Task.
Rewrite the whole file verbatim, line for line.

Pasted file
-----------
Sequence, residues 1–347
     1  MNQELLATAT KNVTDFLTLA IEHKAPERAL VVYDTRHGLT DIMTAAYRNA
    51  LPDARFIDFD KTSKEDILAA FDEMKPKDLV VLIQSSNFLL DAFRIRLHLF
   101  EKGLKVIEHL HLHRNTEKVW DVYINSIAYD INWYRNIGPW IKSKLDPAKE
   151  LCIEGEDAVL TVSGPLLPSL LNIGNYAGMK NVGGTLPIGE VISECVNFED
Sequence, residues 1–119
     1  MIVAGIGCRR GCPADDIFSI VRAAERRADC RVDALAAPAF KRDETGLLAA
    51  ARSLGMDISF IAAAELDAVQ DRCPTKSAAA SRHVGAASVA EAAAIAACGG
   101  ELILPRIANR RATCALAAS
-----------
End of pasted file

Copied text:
Sequence, residues 1–347
     1  MNQELLATAT KNVTDFLTLA IEHKAPERAL VVYDTRHGLT DIMTAAYRNA
    51  LPDARFIDFD KTSKEDILAA FDEMKPKDLV VLIQSSNFLL DAFRIRLHLF
   101  EKGLKVIEHL HLHRNTEKVW DVYINSIAYD INWYRNIGPW IKSKLDPAKE
   151  LCIEGEDAVL TVSGPLLPSL LNIGNYAGMK NVGGTLPIGE VISECVNFED
Sequence, residues 1–119
     1  MIVAGIGCRR GCPADDIFSI VRAAERRADC RVDALAAPAF KRDETGLLAA
    51  ARSLGMDISF IAAAELDAVQ DRCPTKSAAA SRHVGAASVA EAAAIAACGG
   101  ELILPRIANR RATCALAAS